Stricker, J. et al. A fast, robust and tunable synthetic gene oscillator. Nature 456, 516–519 (2008)
Elowitz, M. B. & Leibler, S. A synthetic oscillatory network of transcriptional regulators. Nature 403, 335–338 (2000)
McMillen, D., Kopell, N., Hasty, J. & Collins, J. J. Synchronizing genetic relaxation oscillators by intercell signaling. Proc. Natl Acad. Sci. USA 99, 679–684 (2002)
Madar, D., Dekel, E., Bren, A. & Alon, U. Negative auto-regulation increases the input dynamic-range of the arabinose system of Escherichia coli. BMC Syst. Biol. 5, 111 (2011)
Nevozhay, D., Adams, R. M., Murphy, K. F., Josić, K. & Balázsi, G. Negative autoregulation linearizes the dose–response and suppresses the heterogeneity of gene expression. Proc. Natl Acad. Sci. USA 106, 5123–5128 (2009)
Shen-Orr, S. S., Milo, R., Mangan, S. & Alon, U. Network motifs in the transcriptional regulation network of Escherichia coli. Nature Genet. 31, 64–68 (2002)
You, L., Cox, R. S., Weiss, R. & Arnold, F. H. Programmed population control by cell–cell communication and regulated killing. Nature 428, 868–871 (2004)
Tabor, J. J. et al. A synthetic genetic edge detection program. Cell 137, 1272–1281 (2009)
Tamsir, A., Tabor, J. J. & Voigt, C. A. Robust multicellular computing using genetically encoded NOR gates and chemical ‘wires’. Nature 469, 212–215 (2011)
Auslander, S., Auslander, D., Muller, M., Wieland, M. & Fussenegger, M. Programmable single-cell mammalian biocomputers. Nature 487, 123–127 (2012)
Isaacs, F. J. et al. Engineered riboregulators enable post-transcriptional control of gene expression. Nature Biotechnol. 22, 841–847 (2004)
Win, M. N. & Smolke, C. D. Higher-order cellular information processing with synthetic RNA devices. Science 322, 456–460 (2008)
Xie, Z., Wroblewska, L., Prochazka, L., Weiss, R. & Benenson, Y. Multi-input RNAi-based logic circuit for identification of specific cancer cells. Science 333, 1307–1311 (2011)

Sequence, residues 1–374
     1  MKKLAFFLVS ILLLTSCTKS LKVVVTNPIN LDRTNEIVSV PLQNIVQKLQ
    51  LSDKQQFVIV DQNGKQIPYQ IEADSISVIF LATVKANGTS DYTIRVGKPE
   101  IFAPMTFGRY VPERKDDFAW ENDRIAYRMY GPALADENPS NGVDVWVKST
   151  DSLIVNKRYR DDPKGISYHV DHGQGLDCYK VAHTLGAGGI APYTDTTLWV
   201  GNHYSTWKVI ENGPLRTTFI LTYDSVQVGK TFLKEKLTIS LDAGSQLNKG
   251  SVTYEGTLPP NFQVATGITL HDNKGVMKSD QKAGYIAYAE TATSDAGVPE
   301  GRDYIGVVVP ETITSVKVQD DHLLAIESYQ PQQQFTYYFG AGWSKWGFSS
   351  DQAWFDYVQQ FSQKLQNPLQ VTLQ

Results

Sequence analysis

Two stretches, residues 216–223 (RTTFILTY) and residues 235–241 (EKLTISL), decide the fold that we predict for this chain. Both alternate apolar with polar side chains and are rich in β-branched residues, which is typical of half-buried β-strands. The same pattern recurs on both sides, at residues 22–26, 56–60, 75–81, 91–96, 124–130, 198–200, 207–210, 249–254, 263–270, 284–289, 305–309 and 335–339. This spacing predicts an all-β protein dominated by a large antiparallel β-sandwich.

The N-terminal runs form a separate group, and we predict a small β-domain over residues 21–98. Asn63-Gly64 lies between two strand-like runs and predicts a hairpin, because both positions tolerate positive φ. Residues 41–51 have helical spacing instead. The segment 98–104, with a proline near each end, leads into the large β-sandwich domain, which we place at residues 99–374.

Khalil, A. et al. A synthetic biology framework for programming eukaryotic transcription functions. Cell 150, 647–658 (2012)
Dueber, J. E., Yeh, B. J., Chak, K. & Lim, W. A. Reprogramming control of an allosteric signaling switch through modular recombination. Science 301, 1904–1908 (2003)
Hahnloser, R. H. R., Sarpeshkar, R., Mahowald, M. A., Douglas, R. J. & Seung, H. S. Digital selection and analogue amplification coexist in a cortex-inspired silicon circuit. Nature 405, 947–951 (2000)
Lu, T. K., Khalil, A. S. & Collins, J. J. Next-generation synthetic gene networks. Nature Biotechnol. 27, 1139–1150 (2009)
We would like to thank J. Nungesser for assistance with figures and members of the Lu and Sarpeshkar laboratories for discussions. This work was supported in part by a campus collaboration initiative from Lincoln Labs (R.D. and R.S.), the US National Science Foundation (R.D., J.R.R., R.S. and T.K.L.) under grant number 1124247, and the Office of Naval Research (J.R.R. and T.K.L.) under grant number N000141110725.
Massachusetts Institute of Technology, with which all the authors are affiliated, has filed a PCT patent application based on this work.
This file contains Supplementary Text and Data, Supplementary Figures 1-53, Supplementary Tables 1-4, and Supplementary References (see Table of Contents for more details). (PDF 6125 kb)
About this article
Cite this article
Daniel, R., Rubens, J., Sarpeshkar, R. et al. Synthetic analog computation in living cells. Nature 497, 619–623 (2013). https://doi.org/10.1038/nature12148
This article is cited by
Nature Communications (2022)
Nature Communications (2022)
Distributed Computing (2022)
Multimedia Tools and Applications (2022)
Molecular device design based on chemical reaction networks: state feedback controller, static pre-filter, addition gate control system and full-dimensional state observer
Journal of Mathematical Chemistry (2022)